When it comes to disciplines on food security, however, the United States says it is important to ensure that “[food security] programmes do not distort trade or adversely affect the food security of other members.” The United States has suggested several “elements” for a Work Programme on food security, including the issue of public stockholding programmes, for arriving at a permanent solution. Washington wants a thorough review of how countries have implemented food security in developing countries.
The U.S. proposal, says a South American farm trade official, is aimed at “frustrating” the developing countries from arriving at a simple and effective solution that would enable them to continue their public stockholding programmes without many hurdles. “The United States is interested in preserving the Uruguay Round rules but not address the issues raised by the developing countries in the Doha Round of trade negotiations that seek to address concerns raised by developing countries,” the official adds.
The G-33 group – with over 45 developing and least-developed countries – has brought the food security issue to the centre-stage at the WTO. Over the last two years, the G-33, led by Indonesia with China, India, Pakistan, the Philippines, Kenya, Nigeria, Zimbabwe, Bolivia, Cuba and Peru among others, has called for updating the external reference price based on 1986-88 prices to ensure that they can continue with their public stockholding programmes under what is called de minimis support for developing countries.
Following the G-33’s insistence on a solution for public stockholding programmes for food security, which became a make-or-break issue at the WTO’s Bali ministerial meeting, trade ministers had agreed on a decision “with the aim of making recommendations for a permanent solution.” The ministers directed their negotiators to arrive at a solution in four years.
Over the last six months, there has been little progress in addressing the core issues in the Bali package raised by developing countries, including food security. “We are deeply concerned that the Ministerial Decision on Public Stockholding for Food Security Purposes is getting side-lined,“ India told members at the WTO on July 2.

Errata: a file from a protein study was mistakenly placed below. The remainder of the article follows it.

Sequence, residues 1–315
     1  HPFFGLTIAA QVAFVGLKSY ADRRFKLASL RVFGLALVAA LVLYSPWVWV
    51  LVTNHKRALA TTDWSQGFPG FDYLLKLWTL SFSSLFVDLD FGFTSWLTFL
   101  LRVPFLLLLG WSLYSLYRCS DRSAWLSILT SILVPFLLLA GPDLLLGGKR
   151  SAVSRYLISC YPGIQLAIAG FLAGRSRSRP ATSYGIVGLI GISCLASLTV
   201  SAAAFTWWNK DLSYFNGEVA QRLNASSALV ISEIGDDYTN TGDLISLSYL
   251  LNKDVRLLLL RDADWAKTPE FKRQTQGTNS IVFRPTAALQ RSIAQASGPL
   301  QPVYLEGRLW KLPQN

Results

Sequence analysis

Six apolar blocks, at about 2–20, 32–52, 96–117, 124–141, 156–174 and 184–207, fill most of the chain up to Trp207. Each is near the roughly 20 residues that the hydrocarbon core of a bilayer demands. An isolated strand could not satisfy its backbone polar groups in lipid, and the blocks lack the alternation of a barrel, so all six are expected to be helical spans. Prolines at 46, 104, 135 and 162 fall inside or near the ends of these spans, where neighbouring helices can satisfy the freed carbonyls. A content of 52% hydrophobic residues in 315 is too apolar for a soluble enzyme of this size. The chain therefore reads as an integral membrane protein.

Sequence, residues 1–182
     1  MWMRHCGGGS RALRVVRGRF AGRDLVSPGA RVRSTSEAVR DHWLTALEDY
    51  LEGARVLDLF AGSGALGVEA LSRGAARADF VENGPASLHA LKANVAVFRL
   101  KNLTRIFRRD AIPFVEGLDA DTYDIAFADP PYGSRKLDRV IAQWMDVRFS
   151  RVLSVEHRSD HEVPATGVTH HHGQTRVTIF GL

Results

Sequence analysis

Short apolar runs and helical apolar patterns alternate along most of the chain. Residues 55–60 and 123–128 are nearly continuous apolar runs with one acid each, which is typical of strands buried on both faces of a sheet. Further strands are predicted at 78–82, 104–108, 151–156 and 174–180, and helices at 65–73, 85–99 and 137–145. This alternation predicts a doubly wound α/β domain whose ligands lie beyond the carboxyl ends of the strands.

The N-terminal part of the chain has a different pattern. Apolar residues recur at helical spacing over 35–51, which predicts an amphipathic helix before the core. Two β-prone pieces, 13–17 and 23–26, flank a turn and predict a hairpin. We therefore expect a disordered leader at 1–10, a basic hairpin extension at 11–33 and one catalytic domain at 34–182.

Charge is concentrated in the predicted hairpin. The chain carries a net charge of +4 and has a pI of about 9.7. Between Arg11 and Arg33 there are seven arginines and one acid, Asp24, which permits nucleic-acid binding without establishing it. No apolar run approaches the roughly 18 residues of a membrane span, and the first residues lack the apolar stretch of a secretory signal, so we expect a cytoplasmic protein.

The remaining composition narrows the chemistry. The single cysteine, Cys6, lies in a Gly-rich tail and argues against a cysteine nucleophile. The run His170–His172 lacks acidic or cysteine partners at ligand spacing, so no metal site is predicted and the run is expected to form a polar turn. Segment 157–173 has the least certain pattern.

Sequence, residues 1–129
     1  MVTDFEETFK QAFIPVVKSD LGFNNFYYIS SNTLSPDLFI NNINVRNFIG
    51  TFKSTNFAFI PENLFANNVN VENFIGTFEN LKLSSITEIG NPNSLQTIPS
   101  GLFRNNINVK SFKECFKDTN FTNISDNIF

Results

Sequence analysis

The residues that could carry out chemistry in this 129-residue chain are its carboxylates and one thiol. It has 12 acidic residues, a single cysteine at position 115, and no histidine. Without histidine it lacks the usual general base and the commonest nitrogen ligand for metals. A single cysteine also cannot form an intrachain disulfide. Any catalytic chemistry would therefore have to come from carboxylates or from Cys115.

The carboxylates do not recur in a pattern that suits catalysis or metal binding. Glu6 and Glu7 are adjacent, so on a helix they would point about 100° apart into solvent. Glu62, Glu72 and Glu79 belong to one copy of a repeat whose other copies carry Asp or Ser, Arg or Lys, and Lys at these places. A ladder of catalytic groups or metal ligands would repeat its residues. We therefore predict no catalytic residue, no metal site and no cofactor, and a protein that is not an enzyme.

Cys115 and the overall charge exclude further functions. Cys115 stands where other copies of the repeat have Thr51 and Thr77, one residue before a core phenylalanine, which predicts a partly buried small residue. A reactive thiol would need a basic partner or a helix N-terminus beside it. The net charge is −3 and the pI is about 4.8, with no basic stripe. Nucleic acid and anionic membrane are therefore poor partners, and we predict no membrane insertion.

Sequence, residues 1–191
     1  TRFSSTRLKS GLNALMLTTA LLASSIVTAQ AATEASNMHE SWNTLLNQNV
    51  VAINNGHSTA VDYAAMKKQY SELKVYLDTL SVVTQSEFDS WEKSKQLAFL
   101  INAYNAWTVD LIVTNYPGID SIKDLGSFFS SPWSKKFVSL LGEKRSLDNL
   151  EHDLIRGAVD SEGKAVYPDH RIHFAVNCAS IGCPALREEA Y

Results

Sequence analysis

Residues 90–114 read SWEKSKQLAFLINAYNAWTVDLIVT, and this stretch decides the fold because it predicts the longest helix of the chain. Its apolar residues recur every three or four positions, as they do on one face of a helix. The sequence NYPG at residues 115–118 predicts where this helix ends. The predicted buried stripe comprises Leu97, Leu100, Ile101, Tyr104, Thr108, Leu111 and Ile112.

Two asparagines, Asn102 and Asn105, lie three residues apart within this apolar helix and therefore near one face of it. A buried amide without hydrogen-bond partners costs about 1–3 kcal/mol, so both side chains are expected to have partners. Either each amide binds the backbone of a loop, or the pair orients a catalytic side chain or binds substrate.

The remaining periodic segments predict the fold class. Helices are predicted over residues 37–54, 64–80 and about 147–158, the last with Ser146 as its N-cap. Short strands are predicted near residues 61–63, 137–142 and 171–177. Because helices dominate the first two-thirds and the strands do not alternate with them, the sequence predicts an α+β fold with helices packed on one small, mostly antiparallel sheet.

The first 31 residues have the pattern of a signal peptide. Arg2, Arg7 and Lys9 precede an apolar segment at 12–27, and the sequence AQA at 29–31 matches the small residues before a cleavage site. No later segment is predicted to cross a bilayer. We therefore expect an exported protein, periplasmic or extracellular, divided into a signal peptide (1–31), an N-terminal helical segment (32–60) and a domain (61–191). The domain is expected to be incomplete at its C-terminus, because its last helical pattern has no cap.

“In this and other areas, instead of engaging in meaningful discussion, certain members have been attempting to divert attention to the policies and programmes of selected developing country members,” says New Delhi, emphasising that “the issues raised are in no way relevant to the core mandate that we have been provided in the Bali Decisions.”
At a time when the industrialised countries want rapid implementation of the complex agreement on trade facilitation, their continued stonewalling tactics on the issues raised by developing countries has created serious doubts whether food security issue will be addressed in a meaningful manner at all.
“Credible disciplines for food security are vital for the survival of poor farmers in the developing countries who cannot be left to the vagaries of market forces and extortion by middlemen,” says Ambassador Dasgupta. “The delay in addressing food security will pose problems for millions of people below poverty who are dependent on public distribution programmes.”